Deployment of hydraulic fracturing or "fracking" technology in places like North Dakota, Pennsylvania, and Texas has reversed the nation's long decline in oil and gas production. Fluctuating energy prices could take the bloom off the drill bit at some point. Some places, like Towanda, Pa., have already seen many drillers move on to more valuable gas fields, leaving empty cafe booths in their wake.
But overall, experts believe the boom will continue for many years despite the vicissitudes of the global energy market and environmental concerns about fracking.
By 2020, development of so-called unconventional sources of petroleum should yield 4.5 million barrels per day, more than twice today's output, forecasts IHS Global Insight. That translates into a hiring of nearly 1.3 million workers over that time, the consulting firm estimates.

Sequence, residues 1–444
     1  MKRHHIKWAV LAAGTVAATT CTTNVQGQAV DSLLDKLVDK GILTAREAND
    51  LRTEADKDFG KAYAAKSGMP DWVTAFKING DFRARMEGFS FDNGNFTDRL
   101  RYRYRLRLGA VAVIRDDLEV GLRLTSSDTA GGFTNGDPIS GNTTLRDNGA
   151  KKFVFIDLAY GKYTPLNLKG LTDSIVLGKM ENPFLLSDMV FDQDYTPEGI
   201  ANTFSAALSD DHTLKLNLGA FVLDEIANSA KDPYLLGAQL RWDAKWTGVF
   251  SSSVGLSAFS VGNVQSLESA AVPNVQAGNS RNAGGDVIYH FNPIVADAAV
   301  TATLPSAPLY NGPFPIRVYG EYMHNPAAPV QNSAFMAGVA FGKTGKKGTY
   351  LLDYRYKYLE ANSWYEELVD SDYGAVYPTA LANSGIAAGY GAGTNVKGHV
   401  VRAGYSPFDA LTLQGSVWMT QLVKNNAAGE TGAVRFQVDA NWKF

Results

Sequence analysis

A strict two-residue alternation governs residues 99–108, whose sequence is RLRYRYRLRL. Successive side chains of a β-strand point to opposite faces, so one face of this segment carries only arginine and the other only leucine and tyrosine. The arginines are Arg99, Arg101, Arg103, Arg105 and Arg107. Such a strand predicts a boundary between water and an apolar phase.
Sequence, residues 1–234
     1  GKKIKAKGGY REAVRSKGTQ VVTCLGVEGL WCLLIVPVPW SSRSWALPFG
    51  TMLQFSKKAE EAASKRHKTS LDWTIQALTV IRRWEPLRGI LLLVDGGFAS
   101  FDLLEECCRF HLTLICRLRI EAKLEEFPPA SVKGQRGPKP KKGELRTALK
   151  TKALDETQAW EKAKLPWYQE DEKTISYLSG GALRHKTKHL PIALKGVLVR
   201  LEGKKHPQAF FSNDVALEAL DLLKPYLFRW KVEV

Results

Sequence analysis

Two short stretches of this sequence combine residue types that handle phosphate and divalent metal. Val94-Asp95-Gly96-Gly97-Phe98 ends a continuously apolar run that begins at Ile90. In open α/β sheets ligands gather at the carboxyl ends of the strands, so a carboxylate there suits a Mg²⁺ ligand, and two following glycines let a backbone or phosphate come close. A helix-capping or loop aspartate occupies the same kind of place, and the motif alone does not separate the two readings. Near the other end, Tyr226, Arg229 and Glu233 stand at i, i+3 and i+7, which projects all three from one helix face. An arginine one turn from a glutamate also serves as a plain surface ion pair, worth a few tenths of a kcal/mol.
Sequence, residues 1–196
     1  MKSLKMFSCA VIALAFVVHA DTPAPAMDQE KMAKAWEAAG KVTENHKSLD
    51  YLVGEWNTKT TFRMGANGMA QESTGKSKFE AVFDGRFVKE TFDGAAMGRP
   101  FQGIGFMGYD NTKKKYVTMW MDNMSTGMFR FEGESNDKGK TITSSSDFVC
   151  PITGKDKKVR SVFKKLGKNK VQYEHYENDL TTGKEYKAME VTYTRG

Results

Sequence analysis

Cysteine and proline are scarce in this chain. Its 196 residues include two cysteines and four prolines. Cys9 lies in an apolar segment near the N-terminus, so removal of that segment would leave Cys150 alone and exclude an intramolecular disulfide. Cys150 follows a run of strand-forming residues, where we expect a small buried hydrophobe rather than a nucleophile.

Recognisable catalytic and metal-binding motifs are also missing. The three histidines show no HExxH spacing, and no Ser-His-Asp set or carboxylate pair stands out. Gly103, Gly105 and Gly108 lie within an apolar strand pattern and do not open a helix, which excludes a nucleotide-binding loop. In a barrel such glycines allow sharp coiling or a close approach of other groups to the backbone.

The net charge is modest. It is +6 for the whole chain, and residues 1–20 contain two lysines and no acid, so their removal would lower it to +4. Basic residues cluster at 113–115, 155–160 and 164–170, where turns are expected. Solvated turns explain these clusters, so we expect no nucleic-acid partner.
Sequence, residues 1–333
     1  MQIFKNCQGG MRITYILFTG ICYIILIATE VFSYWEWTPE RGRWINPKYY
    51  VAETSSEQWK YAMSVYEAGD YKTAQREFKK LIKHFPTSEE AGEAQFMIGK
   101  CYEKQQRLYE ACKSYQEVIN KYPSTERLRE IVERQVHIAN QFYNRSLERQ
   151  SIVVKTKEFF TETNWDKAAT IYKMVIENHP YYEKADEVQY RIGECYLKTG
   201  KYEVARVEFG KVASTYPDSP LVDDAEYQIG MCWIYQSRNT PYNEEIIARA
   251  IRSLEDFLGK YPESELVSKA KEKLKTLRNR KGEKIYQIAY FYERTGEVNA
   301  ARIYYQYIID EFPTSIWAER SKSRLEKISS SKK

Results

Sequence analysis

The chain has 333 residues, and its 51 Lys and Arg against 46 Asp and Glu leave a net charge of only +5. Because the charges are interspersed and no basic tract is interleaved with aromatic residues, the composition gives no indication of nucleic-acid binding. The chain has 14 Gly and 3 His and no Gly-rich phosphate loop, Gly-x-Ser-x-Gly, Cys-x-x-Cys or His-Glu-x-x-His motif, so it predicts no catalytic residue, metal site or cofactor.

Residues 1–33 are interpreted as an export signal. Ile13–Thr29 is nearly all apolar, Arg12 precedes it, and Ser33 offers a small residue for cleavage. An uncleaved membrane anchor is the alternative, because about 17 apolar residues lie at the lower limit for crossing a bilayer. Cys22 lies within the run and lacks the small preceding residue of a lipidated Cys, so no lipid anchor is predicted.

If those numbers aren't impressive enough, consider this: Hilcorp Energy Company, a Houston-based oil and gas producer, made the 2013 list of Fortune magazine's top companies to work for. One reason: The firm is planning to give every employee a $100,000 bonus if it doubles its production rate and reserves by 2015.
2. Other booms are more of a mirage.
The nation is seeing a decided rebound in manufacturing after the Great Recession. As Chinese wages go up, American companies are beginning to bring back some of the production they outsourced to Asia, particularly for higher-margin products, such as sophisticated appliances and speciality athletic shoes.